Down but not out
Despite the hasty reopening plans proffered by Tim Hager, who was fingered to keep FoodStar Restaurant Group from withering into oblivion, PoPoLos restaurant remains locked up. And it probably won't reopen anytime soon, at least under the FoodStar moniker. Former PoPoLos owner Maury Jaffer of Jaffer Investments is apparently close to plucking the restaurant from the FoodStar fold. "I can't discuss, nor would I want to discuss, all of the terms and conditions of how Mr. Jaffer is going to reopen PoPoLos," says Hager, "but he is." Jaffer is a bit more circumspect. "I haven't made up my mind 100 percent yet," he cautions. But he adds that if everything goes his way, he'll sink serious sums to purchase, renovate, and reopen the spot by December 1. What about Toscana and Mediterraneo, FoodStar's other holdings? Despite persistent rumors that they're flirting with brain death (Toscana dropped lunch service last week), Hager says the company is poised to announce new plans for the restaurants in a few days, a move perhaps designed to ride out momentum. Last week, USA Today named Toscana one of 10 great places in America to nibble Italian fare.
Former Mansion maître d' Wayne Broadwell is one mirthful dining steward. "We're just diggin' life over here," he blurts. Broadwell is currently serving as quasi-manager of Mi Piaci while he immerses himself in Salve!, Phil and Janet Cobb's new Italian restaurant on McKinney Avenue and Pearl, where he'll be manager and maître d' when it opens early next year. But wait a minute -- what happened to the Villa on Maple, Broadwell's temple of dining opulence slated to emerge from the Lloyd Paxton antiques gallery before year's end? "It's dead," says Broadwell. But wait just another minute. Didn't Broadwell boast that he'd purchased the Lloyd Paxton property for more than $2.5 million and was financially lubricated to birth an upscale grill called Lucille's, a bistro-bar called the Tack Room, and a speakeasy called the Electric Room, all in Mockingbird Station, by the end of '99? Seems this was just premature swaggering. Broadwell contends the projects were strangled by the $1 million price tag tied to Villa parking provisions. Not so, says David Nichols of David Griffin & Co. Realtors., who was involved in the Lloyd Paxton transaction. Nichols says Broadwell simply couldn't firm up his financing and let the contract on the property wither (Lloyd Paxton is still for sale) while he failed to follow through on an agreement to lease parking space from Scottish Rite Hospital. No matter, Broadwell is born again. Salve! is his salvation.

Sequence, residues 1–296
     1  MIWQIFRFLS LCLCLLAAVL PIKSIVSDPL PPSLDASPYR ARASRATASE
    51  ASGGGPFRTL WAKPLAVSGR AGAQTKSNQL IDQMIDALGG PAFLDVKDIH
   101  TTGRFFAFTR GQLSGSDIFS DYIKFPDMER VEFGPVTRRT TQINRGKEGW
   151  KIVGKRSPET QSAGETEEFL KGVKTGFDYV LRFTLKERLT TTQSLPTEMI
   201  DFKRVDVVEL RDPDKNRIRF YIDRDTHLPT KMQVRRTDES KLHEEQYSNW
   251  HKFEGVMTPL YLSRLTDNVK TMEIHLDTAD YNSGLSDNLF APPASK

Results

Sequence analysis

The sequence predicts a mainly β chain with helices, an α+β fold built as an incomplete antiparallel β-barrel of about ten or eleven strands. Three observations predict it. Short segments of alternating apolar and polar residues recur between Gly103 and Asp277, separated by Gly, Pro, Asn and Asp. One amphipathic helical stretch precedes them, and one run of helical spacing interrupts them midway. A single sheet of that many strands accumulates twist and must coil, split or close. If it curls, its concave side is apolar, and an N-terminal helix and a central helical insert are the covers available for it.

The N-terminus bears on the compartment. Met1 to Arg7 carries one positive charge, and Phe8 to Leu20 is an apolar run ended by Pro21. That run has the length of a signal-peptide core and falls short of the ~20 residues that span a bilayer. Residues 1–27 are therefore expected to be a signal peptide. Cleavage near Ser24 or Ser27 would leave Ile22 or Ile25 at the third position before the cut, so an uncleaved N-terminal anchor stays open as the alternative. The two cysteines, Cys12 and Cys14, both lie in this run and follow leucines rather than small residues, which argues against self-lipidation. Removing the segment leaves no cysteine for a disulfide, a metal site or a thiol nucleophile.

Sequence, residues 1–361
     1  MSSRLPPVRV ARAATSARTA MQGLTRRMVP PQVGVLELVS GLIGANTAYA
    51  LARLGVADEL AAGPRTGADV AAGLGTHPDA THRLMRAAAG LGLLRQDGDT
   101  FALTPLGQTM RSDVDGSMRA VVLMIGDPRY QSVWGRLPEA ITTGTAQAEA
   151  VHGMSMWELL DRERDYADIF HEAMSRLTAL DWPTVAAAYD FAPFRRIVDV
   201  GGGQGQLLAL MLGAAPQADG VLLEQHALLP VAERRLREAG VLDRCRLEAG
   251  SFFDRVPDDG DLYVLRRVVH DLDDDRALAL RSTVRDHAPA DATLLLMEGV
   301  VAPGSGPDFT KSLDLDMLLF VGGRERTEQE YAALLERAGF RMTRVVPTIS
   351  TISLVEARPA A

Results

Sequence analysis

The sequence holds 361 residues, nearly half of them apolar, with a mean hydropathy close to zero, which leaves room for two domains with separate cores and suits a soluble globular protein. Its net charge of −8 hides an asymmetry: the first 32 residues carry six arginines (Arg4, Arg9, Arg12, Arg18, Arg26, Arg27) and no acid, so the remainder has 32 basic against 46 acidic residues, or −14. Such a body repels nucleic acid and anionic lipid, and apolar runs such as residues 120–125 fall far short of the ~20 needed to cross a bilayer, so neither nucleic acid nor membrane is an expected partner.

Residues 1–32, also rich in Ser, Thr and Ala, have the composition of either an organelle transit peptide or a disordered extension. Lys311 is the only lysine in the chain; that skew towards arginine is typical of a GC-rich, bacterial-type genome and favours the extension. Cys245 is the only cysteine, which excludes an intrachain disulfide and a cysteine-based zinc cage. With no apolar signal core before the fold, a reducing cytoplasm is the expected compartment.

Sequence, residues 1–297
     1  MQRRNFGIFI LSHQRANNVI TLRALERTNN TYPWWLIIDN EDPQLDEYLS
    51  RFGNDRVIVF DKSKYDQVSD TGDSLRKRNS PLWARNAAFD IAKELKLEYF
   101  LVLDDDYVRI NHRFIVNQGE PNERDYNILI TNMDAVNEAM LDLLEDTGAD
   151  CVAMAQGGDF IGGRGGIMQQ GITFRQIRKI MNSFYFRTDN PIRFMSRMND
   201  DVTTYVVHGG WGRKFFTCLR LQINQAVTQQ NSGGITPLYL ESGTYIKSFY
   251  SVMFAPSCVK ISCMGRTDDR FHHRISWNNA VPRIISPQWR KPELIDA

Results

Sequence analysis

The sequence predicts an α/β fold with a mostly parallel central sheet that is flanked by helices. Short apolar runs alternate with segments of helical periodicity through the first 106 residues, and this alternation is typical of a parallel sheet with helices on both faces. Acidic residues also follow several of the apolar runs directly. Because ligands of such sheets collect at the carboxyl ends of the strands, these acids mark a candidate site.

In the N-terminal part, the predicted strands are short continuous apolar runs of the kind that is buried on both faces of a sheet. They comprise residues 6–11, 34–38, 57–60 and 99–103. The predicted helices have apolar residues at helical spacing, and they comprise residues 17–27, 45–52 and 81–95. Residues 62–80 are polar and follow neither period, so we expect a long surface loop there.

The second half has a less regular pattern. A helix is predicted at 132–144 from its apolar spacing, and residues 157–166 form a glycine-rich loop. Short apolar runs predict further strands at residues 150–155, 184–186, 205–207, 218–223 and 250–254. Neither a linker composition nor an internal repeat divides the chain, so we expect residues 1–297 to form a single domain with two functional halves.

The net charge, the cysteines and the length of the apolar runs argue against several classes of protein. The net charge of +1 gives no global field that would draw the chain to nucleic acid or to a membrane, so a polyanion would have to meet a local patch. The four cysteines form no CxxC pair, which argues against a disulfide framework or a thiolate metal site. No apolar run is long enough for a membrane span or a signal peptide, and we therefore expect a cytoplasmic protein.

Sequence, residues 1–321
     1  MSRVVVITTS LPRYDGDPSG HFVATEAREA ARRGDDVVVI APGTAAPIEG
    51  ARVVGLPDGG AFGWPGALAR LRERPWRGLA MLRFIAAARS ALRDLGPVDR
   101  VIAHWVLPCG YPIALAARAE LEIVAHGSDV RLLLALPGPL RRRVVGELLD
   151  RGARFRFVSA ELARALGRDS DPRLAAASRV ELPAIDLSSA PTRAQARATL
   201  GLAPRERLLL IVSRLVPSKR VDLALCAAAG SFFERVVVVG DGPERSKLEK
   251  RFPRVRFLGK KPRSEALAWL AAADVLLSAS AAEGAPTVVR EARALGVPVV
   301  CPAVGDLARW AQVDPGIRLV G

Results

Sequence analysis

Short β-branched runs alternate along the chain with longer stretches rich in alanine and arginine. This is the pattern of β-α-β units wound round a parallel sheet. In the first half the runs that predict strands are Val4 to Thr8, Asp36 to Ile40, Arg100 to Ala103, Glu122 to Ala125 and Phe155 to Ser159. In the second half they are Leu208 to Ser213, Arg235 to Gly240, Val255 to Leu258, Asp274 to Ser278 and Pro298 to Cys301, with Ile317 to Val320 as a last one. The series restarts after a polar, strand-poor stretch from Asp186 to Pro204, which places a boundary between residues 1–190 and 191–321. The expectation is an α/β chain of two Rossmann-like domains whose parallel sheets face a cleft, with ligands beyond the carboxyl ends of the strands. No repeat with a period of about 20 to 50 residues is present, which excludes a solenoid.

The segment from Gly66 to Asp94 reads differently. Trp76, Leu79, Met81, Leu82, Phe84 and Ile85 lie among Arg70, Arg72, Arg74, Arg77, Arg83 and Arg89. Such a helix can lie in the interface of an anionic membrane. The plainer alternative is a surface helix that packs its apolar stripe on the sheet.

— Mark Stuertz
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